This disc, now successfully remastered form a 1981 digital original, has always been ranked as among the very finest of recent generations. It is always a doubtful idea to suggest that any one performance of such core repertoire is a definitive performance / recording as at that level personal preferences bring inevitable personal prejudices and inevitable conflict. Such a situation is not helpful to collectors or other interested parties.
Brahms wrote this work at the end of his life. It is normal practice to consider him as one of the most important figures of the Romantic period but this view can be open to question when considering the emphasis he placed on structural content of his work, his detailed use of Classical compositional devices and relatively restrained use of the orchestra that he had at his disposal. There is also a marked lack of narrative or nationalist interest beyond his Hungarian dances. The Hungarian elements to be found in his other works are part of the structure and not generally the main focus.
All of this has been mentioned because it is in the Classical period sense that the listener can best appreciate Kleiber's interpretation/performance with the VPO. This is a very strong delivery of the music with enormous emphasis on the structure. Indeed, it could be described as a very tough-minded view with little evidence of softening or yielding to allow for any Romantic period moulding of the lines or of the emotions. The last movement in this performance thus is a study in the delivery of a strictly formal structure placed as the conclusion of a determined and logical musical journey. This is a plan that would be recognisable in any Classical composer, Beethoven springs readily to mind, and is quite foreign even to the early Romantics such as Mendelssohn, Schubert and Schumann. Emotional satisfaction, not to be confused with Romanticism, is thus achieved by unflinching formal Classical means.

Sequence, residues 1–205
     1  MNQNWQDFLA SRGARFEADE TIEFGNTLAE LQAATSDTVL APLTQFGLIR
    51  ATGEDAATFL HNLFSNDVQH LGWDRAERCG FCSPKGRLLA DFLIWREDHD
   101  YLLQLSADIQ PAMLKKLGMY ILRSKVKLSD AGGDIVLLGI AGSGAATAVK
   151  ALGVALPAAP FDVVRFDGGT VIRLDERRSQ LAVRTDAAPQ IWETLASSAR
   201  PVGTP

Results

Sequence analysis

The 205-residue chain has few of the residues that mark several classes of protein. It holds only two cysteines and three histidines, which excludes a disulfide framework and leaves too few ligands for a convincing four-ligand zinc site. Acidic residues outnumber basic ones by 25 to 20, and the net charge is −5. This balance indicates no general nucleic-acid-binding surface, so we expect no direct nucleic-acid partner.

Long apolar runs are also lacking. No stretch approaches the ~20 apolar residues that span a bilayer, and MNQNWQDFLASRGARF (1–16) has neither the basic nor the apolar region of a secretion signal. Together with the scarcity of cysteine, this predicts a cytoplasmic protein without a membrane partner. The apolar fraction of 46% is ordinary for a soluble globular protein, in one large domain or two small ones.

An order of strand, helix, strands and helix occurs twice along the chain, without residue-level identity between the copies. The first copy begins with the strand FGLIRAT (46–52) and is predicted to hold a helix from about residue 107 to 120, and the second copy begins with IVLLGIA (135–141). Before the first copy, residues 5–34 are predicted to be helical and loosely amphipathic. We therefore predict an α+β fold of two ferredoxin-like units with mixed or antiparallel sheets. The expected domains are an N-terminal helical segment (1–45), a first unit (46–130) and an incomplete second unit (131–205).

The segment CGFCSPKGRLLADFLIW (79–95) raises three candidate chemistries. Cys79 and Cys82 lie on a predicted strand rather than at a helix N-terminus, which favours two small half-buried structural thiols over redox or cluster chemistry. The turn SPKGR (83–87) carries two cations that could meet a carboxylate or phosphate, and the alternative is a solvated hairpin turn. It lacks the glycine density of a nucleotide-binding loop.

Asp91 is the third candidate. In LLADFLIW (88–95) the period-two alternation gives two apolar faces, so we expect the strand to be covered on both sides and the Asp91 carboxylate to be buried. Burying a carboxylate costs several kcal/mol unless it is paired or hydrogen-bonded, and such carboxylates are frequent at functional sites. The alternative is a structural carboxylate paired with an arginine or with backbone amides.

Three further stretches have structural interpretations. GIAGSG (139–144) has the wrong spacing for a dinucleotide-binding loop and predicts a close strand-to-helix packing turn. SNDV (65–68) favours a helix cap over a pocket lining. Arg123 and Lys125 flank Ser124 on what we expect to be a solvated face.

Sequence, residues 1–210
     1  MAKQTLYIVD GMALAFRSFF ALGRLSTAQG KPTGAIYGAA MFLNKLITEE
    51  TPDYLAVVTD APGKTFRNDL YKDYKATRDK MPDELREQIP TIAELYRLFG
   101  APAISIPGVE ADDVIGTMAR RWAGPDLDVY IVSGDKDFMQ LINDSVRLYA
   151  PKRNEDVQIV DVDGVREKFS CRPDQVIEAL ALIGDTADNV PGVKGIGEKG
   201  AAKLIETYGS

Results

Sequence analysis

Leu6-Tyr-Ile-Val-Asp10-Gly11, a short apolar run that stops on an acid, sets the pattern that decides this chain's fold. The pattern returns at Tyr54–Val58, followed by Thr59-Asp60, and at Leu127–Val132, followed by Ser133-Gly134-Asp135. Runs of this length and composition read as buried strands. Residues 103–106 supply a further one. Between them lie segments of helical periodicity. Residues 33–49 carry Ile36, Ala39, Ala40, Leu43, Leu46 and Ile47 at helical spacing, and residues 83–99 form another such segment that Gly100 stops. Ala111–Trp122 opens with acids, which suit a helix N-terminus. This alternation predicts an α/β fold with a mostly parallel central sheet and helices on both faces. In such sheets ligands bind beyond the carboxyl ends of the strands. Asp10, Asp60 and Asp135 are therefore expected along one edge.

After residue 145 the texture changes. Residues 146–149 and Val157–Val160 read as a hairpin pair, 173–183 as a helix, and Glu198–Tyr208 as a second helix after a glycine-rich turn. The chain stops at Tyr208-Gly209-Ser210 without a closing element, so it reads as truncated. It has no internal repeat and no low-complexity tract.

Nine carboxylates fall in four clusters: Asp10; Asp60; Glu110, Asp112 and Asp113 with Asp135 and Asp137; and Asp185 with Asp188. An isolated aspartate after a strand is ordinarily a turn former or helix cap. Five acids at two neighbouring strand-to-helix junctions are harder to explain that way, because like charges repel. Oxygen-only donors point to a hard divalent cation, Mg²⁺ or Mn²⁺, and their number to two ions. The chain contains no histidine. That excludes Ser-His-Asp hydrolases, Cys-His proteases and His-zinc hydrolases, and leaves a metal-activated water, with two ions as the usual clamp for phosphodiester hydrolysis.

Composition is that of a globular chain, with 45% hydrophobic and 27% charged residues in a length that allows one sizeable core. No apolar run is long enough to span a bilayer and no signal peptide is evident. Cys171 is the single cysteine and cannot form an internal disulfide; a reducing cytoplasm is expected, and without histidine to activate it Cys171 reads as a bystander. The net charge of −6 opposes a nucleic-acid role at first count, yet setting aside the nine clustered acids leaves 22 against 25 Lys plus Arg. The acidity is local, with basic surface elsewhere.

This is a strikingly formal, even austere, account of the symphony and as such, it stands apart from the rest. There will be those who resist its Classical progress just as there will be those who find it uniquely rewarding and totally appropriate.
Whatever one's personal response, I would suggest that this disc remains one of the great artistic and recorded achievements of its generation. Owning it will enhance and broaden one's understanding and therefore it deserves to be seriously considered as a strong candidate for purchase.
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